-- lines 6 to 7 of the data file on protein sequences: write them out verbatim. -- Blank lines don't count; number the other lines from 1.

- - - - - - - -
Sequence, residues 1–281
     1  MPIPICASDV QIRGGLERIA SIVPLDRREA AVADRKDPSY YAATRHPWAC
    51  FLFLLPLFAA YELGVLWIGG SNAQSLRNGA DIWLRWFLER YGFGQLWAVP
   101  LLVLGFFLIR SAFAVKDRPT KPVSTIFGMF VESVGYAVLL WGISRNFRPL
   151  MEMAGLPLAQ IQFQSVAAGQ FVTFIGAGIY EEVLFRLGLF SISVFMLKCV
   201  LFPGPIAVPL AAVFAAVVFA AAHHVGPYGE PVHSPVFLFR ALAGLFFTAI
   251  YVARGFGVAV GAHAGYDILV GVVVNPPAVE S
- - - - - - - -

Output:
   201  LFPGPIAVPL AAVFAAVVFA AAHHVGPYGE PVHSPVFLFR ALAGLFFTAI
   251  YVARGFGVAV GAHAGYDILV GVVVNPPAVE S